1. Written Contract? Adding a term?
2. Was the proposed term agreed prior to the K’s signing
3. Integration: whether the agreement is a final expression of the terms
a. Written contracts carry a presumption that it is final
4. Total/Complete/Exclusive Integration or Partial Integration: To find whether the parties intended for this agreement to be a total integration of all their terms, the court may use either of the three test below.
a. Common Law: 4 Corner’s Test (Minority Rule)
i. Not helpful because you always need more information to determine whether it is complete
ii. Merger Clause – generally conclusive
iii. Note: Based on jurisdiction and not based upon the sale of goods
b. §216 Restatement Test: naturally; (Majority Rule)
i. Would this term have naturally been included in the agreement?
ii. Merger Clause – not totally conclusive (ie. a standard form agreement, where the parties don’t know what the merger clause means).
iii. If yes, then total and evidence inadmissible. If no, then partial.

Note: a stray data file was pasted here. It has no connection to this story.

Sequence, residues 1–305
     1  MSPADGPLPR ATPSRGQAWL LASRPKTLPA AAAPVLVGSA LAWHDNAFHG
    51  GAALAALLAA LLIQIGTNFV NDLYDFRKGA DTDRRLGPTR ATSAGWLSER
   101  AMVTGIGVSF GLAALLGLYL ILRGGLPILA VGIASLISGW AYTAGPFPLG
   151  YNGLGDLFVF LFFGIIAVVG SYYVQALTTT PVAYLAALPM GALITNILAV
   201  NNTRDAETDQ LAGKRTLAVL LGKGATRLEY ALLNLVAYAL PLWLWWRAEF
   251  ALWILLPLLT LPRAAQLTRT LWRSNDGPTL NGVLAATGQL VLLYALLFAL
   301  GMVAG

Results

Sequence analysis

c. UCC: Certainly Test (Sale of Goods)
i. Would this term have certainly been included in the document?
ii. UCC has presumption that the agreement is partial because the UCC always assumes that there is another agreement that is not in the K. Therefore, you must show conclusively that parties intended for the k to be a total integration
iii. Merger Clause – Not conclusive
5. If total, evidence barred. But if partial, court ask
a. Special Note: If you are under the UCC §2-202, COP, COD, and Trade Usage are exceptions. Even if total integration, these three may be used to supplement the contract.
6. Does the term contradict of supplement?
a. Contradicts – then it won’t be admitted into evidence
b. Supplements – then it will admitted into evidence.
c. Total negation test – unless he term you’re attempting to add, totally negates the express terms, its coming in. As long as they can stand side by side and is an exception.
Gianni
Application of the Total Integration principle.

Did the lessor breach contract with Gianni when he violated Gianni’s “exclusive right” to sell soda and soft drinks.?